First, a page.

The greatest dangers posed by Donald Trump’s presidency have always been to the Global South. The prospect of his retaining power carries multiple severe threats, including a potential war with Iran. Such a conflict, barely avoided in his first term, would be cataclysmic for the wider Middle East and devastating for the world economy.
Tensions between Washington and Tehran are deep-rooted. In 1953, the CIA and MI6 orchestrated a coup against Iran’s elected government, reversing the earlier nationalisation of the country’s oil industry, which was then carved up between British and American firms. The Shah was installed as dictator, and equipped with the means of violence necessary to maintain the status quo.
The subsequent revolution of 1979 was initially broad-based, but a mixture of domestic state terror and the Iran-Iraq war of 1980-88 allowed the regime of Ayatollah Ruhollah Khomeini to consolidate its grip. The war, involving chemical weapons, child soldiers and trench warfare, became the scene of the founding myth of the Islamic republic. A nation fighting alone for its survival, not only against Saddam Hussein’s forces, but also against the Arab Gulf monarchies and Western powers that were lending him crucial support.
From here on, regional fault lines were drawn that remain more or less in place to this day. On the one hand, the US and its local allies, above all Saudi Arabia and Israel. On the other, Iran and its proxies, Hezbollah in Lebanon, Hamas in the occupied Palestinian territories, plus the key ally, Syria. The balance of forces is heavily lopsided, but Iran’s challenge to the regional order is not something the US-led bloc has been prepared to accept.
Tehran’s 2003 offer of a grand bargain settling all outstanding issues with Washington was dismissed by a George W. Bush administration convinced of its own omnipotence. But Iran derived huge strategic benefit from the toppling of its rivals the Taliban and Saddam Hussein, though it remained surrounded by American military bases and forces.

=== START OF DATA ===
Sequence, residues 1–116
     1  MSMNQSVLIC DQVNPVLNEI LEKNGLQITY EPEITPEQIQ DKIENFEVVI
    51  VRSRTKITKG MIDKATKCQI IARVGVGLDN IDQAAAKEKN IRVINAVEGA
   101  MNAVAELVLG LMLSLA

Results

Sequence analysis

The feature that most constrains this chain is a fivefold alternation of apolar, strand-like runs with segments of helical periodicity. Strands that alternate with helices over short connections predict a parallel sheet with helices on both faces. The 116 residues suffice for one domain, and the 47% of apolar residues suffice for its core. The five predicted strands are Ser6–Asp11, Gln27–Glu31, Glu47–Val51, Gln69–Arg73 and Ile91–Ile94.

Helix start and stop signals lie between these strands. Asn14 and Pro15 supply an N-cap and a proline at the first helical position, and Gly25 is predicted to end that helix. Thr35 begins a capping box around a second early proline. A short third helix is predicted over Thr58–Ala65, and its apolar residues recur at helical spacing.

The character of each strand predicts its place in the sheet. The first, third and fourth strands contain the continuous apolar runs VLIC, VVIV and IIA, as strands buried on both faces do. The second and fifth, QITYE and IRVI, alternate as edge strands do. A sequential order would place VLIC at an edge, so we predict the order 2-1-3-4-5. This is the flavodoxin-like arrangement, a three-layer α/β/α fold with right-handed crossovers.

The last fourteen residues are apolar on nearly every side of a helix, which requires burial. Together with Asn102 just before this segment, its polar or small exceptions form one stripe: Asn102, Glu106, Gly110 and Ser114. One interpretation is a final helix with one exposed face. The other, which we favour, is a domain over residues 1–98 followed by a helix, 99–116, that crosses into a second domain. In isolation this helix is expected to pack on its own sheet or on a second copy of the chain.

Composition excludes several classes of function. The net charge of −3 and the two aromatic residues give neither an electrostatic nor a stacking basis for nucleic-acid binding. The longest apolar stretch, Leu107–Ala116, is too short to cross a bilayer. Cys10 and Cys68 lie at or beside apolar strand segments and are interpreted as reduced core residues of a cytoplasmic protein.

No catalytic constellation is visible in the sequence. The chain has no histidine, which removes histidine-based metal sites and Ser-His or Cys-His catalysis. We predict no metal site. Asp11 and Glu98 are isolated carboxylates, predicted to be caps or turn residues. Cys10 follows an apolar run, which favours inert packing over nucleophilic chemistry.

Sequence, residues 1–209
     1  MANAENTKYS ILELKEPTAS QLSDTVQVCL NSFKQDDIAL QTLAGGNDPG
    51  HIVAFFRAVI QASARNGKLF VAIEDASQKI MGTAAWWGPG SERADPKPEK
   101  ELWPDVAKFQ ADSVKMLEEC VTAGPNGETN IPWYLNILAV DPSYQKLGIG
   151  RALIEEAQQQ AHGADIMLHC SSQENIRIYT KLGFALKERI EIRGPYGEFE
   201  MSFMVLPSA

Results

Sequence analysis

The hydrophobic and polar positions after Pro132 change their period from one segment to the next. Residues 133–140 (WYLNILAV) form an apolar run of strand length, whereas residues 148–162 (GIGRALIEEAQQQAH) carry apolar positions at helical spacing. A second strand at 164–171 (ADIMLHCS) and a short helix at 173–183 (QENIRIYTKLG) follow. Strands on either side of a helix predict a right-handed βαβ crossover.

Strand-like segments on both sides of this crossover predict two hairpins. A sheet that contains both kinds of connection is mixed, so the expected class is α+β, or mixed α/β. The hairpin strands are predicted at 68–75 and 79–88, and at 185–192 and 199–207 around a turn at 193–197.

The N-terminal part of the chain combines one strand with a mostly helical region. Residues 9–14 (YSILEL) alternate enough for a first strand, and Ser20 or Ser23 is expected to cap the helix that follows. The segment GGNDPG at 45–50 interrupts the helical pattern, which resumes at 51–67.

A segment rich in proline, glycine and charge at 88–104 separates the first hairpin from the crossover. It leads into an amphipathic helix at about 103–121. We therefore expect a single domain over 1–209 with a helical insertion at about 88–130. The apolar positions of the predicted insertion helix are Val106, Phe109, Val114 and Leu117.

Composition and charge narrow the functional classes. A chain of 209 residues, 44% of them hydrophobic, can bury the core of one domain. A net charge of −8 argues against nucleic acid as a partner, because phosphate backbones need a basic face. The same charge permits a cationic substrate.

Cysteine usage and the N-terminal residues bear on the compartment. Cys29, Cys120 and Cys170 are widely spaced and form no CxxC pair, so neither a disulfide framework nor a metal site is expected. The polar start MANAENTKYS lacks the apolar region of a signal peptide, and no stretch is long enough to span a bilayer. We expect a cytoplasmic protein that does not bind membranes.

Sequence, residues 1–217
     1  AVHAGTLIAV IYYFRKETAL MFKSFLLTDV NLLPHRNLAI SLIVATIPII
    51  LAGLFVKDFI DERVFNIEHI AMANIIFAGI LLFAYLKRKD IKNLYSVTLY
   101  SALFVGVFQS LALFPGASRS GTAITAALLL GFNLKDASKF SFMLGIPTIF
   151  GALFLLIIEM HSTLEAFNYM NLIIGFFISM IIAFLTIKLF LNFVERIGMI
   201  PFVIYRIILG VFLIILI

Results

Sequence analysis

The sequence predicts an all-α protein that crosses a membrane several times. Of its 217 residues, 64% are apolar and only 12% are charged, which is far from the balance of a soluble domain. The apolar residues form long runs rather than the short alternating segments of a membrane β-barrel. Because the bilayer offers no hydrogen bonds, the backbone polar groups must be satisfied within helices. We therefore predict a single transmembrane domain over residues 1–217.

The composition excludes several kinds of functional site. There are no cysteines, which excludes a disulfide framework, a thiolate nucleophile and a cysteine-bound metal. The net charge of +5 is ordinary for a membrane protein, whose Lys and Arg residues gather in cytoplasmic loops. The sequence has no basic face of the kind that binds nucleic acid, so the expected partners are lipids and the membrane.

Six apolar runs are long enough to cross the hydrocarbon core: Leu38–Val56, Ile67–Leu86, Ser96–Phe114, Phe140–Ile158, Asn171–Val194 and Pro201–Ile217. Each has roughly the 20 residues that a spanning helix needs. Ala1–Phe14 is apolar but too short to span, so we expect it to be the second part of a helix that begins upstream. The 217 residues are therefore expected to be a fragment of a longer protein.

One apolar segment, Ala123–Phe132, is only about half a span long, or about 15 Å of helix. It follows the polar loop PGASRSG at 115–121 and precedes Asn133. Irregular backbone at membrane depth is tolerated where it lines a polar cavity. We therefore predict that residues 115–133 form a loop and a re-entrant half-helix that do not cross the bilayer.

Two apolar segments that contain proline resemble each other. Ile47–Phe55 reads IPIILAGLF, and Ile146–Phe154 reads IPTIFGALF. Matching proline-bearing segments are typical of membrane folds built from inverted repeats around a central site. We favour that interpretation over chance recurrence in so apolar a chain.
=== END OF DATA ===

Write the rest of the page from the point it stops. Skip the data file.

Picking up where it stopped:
Tensions began to focus around the question of Iran’s nuclear programme. That programme was likely designed both for civilian purposes and to have the potential to break-out to a military application very quickly, should the order be given. Saudi Arabia and Israel led the push from the local regimes for Washington to take military action.
By now, however, Barack Obama was in the White House, pursuing a different style of imperial management from that of Bush. The approach toward Iran was a form of old-school conservative ‘realism’, choosing grudging accommodation with a rival over futile confrontation and further military quagmires.
The 2015 nuclear deal, signed by the Western powers plus Russia and China, was Obama’s bid to tentatively reintegrate Iran into the regional and international systems. In return for additional limits on its nuclear programme, Tehran would see sanctions eased, and its ability to develop economic relations with Europe, in particular, greatly enhanced.
From an imperialist point of view, the strategy was sound. The Iranian regime could not be wished away, but could perhaps be better managed with the right incentives. This would also open up an economic market with real potential for Washington’s European allies. Israel and Saudi Arabia hated the idea, but the Western powers were united so the deal was signed, underwritten with the force of a UN Security Council resolution.